Supercritical water gasification of wet biomass
Supercritical water gasification (SCWG) is a promising technology for the efficient conversion of wet biomass (i.e., 60-95 weight-percent water) into syngas. The process takes place above the critical pressure and temperature of water. A feasibility study carried out has indicated that this technology would be technically and economically viable]. In a subsequent experimental study, the principle of supercritical gasification of real wet mineral-rich biomass was proved using a small-scale continuous experimental setup.Many organic waste streams, such as animal manure, sewage sludge and waste from the food industry, contain, besides water and organic matter, relatively high concentrations of inorganic elements such as minerals and metal elements (e.g., nitrates, phosphates, carbonates, halides, silicates, sulfides). Under supercritical conditions the solubility of minerals in water is drastically reduced, leading minerals to precipitate and crystallize in the supercritical gasification process. This can lead to agglomeration and ultimately clogging of the gasification process.
At supercritical conditions, the thermophysical properties of water (such as density, viscosity, thermal conductivity and specific heat capacity) are often orders of magnitude different with respect to subcritical conditions. Little is known about the fluid dynamic behavior of gasification reactors at supercritical conditions, but it is expected that these large differences strongly affect the hydrodynamic behavior. The formation of the various minerals during supercritical gasification of mineral-rich biomass is the second research topic and for two reasons. Firstly, the formation of minerals may affect hydrodynamic behavior, e.g., through distributions of particle size, shape and stickyness. Secondly, it is important to determine which minerals are formed. Furthermore, some minerals may influence the reaction kinetics and hence act as catalysts during the supercritical gasification process. However, little is known about the catalytic influence of minerals in supercritical gasification.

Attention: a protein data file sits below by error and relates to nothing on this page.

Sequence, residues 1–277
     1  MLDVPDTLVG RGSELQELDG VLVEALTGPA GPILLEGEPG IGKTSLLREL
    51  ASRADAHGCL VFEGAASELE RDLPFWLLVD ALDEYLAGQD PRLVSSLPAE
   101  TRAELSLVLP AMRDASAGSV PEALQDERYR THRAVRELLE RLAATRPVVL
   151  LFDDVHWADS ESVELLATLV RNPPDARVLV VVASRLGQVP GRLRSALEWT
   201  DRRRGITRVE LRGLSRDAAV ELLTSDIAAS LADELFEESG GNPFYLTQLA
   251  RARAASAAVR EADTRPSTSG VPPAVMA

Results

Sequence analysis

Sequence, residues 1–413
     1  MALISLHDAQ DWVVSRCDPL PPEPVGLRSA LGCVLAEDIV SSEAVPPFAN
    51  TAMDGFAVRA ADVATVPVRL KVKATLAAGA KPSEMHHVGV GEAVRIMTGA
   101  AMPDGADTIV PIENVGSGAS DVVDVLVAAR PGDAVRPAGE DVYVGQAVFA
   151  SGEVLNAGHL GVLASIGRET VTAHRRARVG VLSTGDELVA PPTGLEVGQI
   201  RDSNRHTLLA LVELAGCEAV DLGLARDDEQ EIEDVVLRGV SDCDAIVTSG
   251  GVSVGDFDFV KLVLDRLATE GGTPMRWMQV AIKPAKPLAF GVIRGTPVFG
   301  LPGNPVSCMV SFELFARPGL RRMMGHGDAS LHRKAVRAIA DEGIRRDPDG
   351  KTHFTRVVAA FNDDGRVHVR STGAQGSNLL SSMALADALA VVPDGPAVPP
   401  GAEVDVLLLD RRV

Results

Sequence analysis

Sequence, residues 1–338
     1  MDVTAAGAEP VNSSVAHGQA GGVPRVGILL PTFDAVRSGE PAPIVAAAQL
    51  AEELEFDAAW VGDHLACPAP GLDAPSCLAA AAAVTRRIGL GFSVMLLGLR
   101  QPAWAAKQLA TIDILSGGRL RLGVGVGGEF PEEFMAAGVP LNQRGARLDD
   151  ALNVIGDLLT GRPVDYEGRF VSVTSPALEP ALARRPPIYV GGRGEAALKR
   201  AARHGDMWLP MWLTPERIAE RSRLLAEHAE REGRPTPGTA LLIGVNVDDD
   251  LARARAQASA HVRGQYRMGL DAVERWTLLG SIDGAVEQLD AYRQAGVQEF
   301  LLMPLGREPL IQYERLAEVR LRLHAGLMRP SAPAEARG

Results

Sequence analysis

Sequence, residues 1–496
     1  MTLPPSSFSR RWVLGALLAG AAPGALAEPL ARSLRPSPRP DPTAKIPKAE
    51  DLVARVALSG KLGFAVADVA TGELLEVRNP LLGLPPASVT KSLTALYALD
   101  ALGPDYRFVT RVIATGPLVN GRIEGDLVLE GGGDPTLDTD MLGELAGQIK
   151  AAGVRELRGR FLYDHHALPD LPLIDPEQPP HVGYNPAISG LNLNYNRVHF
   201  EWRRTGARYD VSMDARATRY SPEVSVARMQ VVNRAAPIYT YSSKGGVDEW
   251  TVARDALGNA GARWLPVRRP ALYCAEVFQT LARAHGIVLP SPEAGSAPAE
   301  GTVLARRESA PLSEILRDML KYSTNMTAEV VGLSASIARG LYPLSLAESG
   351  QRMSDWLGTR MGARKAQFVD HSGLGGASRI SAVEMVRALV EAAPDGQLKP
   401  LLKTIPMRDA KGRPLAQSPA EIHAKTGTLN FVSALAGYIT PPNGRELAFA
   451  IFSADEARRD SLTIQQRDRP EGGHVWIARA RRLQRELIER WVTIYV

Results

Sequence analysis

1. Determining experimentally how the hydrodynamic behavior of the gasification reactor is affected at supercritical conditions and the consequences for gasification and crystallization.
This experimental work will involve carrying out flow measurements using a specially constructed experimental setup of a supercritical gasification reactor. The experimental results will be compared with results of numerical flow research lead by GENSOS.
2. Determining both theoretically and experimentally the formation and crystallization behavior of minerals in the supercritical gasification of mineral-rich organic waste streams, and the consequences for hydrodynamics and gasification.
This theoretical and experimental work and will involve the development of models for gasification/crystallization equilibrium and reaction kinetics and their validation by means of crystallization and gasification experiments using the aforementioned setup.
3. Determining, if possible, the catalytic behavior of relevant minerals during supercritical gasification and their influence on reaction kinetics.
Results should include fundamental knowledge and experimentally validated models of the hydrodynamics, crystallization and gasification behavior and their interactions. The ultimately aim of the novel knowledge and
models should be to facilitate the further development of the supercritical gasification process, providing the
required knowledge for, e.g., reactor-optimization and scale-up and mineral separation methods.